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Wednesday, January 11, 2006

The train now standing...

It was as if we had never left. The first day of formal meetings after the Christmas recess started as we had ended 2005, talking about trains.

The very first question to the First Minister was from Laura Anne Jones who wanted him to make a statement on rail travel in Wales. From then on it all went downhill. We only had a half-decent wordplay to illustrate a serious point from Leighton Andrews to liven up the next hour:

Leighton Andrews: Are you aware that in the Rhondda, Arriva Trains Wales is rapidly gaining the nickname ‘never Arriva’? When you next have the opportunity, will you take up with Arriva, under the terms of the franchise, a range of issues relating to punctuality, to the quality of the rolling stock and to the ability of Arriva to collect fares from passengers? At present, in the Rhondda, and, I suspect in many other Valley constituencies, Arriva Trains is rapidly becoming something of a music hall joke.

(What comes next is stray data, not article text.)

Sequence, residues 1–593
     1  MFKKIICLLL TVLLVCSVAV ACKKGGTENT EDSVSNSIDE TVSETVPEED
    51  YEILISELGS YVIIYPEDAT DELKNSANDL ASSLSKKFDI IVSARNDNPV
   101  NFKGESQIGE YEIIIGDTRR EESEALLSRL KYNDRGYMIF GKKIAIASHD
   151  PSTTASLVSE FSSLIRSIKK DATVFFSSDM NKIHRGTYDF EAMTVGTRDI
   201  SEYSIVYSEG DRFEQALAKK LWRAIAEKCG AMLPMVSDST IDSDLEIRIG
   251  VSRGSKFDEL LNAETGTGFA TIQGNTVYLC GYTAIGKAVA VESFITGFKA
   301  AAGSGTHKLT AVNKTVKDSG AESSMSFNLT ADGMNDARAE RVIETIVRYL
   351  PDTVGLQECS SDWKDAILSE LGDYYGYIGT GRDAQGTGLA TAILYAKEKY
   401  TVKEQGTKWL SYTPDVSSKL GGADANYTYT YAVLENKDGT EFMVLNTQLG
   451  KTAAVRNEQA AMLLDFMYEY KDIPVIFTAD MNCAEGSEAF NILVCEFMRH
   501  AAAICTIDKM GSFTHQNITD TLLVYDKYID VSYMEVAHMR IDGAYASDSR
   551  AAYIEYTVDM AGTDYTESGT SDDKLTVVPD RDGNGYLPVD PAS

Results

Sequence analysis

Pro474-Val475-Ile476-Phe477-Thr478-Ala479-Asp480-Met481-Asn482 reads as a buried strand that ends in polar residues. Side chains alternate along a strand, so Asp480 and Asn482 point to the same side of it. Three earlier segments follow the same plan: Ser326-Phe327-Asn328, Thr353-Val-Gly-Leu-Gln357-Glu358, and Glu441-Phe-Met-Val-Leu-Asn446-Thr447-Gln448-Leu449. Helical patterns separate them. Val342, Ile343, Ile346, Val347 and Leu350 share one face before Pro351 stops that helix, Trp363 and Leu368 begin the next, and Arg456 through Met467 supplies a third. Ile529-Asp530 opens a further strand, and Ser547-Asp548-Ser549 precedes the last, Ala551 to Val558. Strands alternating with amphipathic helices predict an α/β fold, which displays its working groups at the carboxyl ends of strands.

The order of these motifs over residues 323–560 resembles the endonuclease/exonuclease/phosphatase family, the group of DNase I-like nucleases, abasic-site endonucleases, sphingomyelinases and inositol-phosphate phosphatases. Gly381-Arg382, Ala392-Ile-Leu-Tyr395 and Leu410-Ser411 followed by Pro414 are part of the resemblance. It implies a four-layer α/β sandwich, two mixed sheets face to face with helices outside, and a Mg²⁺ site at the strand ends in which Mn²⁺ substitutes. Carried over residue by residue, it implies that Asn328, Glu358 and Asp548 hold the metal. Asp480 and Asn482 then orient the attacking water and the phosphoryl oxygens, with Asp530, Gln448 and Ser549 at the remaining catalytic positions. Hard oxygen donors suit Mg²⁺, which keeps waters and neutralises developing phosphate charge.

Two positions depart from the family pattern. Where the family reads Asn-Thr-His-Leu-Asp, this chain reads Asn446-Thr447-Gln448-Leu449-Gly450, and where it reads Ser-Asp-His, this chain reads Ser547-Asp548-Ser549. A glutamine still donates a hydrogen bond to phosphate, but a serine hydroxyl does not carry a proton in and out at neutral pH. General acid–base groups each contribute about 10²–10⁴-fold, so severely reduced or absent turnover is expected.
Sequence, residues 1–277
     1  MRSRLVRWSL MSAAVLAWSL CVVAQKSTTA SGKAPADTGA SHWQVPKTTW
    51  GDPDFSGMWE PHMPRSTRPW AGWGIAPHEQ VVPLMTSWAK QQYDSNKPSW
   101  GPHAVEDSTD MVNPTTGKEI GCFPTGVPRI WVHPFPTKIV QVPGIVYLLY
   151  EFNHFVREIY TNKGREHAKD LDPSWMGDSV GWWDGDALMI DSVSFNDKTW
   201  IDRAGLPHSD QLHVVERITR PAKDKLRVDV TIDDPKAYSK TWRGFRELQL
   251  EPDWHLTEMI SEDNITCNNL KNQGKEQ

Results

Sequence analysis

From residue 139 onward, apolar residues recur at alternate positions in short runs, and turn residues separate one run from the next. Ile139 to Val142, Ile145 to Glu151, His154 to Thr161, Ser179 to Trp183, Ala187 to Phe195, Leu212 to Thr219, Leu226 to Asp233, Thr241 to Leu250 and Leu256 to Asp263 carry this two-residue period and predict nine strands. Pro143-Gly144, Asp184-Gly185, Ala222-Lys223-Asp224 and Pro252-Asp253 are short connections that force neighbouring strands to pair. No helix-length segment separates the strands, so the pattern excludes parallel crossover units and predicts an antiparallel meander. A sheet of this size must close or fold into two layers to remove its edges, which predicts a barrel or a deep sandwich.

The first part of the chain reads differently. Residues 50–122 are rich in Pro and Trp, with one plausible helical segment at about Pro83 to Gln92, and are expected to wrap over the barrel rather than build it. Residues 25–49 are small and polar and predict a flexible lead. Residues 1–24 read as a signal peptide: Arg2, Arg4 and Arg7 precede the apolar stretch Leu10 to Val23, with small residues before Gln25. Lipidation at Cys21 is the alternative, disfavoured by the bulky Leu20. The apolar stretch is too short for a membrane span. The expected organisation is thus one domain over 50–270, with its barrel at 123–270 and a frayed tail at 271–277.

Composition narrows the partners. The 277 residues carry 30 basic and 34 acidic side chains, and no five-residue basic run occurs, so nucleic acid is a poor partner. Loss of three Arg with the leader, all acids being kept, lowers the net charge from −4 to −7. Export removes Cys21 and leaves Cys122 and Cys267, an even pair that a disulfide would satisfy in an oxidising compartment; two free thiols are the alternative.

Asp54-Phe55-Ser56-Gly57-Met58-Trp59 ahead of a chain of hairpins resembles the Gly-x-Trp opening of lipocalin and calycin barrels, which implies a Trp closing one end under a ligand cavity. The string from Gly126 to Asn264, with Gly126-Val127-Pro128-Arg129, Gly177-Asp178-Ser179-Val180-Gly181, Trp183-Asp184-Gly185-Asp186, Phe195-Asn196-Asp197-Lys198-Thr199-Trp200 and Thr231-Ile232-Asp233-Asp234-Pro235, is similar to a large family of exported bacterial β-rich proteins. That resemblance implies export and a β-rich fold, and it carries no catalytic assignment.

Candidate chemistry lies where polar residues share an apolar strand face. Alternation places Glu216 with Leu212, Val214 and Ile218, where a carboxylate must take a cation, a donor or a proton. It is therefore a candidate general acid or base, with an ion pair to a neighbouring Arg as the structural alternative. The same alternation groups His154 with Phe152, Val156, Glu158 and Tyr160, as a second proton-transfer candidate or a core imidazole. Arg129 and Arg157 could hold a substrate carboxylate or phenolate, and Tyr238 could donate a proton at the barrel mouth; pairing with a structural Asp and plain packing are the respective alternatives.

I have to admit that Leighton never struck me as the type to frequent music halls but I think I know what he meant.

This morning I chaired the first Education and Lifelong Learning Committee of the new year, a meeting that managed to produce the question of the week so far. About halfway through the Minister's report one AM, who shall remain nameless, asked the Minister: "How are you encouraging partnership working in sex and relationships education?"

Even for the Welsh Assembly Government, which has had an obsession with partnership working since it was set up in 1999, that was possibly a step too far.
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